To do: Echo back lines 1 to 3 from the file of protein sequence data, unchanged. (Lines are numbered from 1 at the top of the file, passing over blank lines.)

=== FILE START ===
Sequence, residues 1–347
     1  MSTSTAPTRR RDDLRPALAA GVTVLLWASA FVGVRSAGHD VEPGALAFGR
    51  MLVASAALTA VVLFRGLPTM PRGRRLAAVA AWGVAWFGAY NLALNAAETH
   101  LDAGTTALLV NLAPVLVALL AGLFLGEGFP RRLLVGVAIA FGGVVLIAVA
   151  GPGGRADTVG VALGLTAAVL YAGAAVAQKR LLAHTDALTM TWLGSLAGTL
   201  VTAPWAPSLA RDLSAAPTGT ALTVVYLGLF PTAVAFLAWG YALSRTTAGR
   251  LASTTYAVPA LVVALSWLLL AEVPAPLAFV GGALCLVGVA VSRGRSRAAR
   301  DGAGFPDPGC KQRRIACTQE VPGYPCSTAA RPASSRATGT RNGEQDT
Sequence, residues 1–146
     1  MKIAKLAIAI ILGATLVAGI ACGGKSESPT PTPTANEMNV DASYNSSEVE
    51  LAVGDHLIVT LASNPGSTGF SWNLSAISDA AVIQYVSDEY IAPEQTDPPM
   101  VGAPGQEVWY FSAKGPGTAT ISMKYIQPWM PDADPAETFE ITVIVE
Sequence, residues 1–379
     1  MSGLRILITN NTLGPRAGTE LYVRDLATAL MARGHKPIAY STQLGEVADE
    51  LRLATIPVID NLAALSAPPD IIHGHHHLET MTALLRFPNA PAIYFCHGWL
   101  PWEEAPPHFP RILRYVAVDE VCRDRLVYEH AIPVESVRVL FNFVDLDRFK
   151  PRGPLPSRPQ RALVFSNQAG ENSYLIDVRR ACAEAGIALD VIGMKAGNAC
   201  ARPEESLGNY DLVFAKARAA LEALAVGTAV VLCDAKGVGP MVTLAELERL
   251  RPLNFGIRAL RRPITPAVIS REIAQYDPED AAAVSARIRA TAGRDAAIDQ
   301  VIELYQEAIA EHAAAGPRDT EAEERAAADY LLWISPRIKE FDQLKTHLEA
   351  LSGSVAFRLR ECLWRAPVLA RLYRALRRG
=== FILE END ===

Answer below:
Sequence, residues 1–347
     1  MSTSTAPTRR RDDLRPALAA GVTVLLWASA FVGVRSAGHD VEPGALAFGR
    51  MLVASAALTA VVLFRGLPTM PRGRRLAAVA AWGVAWFGAY NLALNAAETH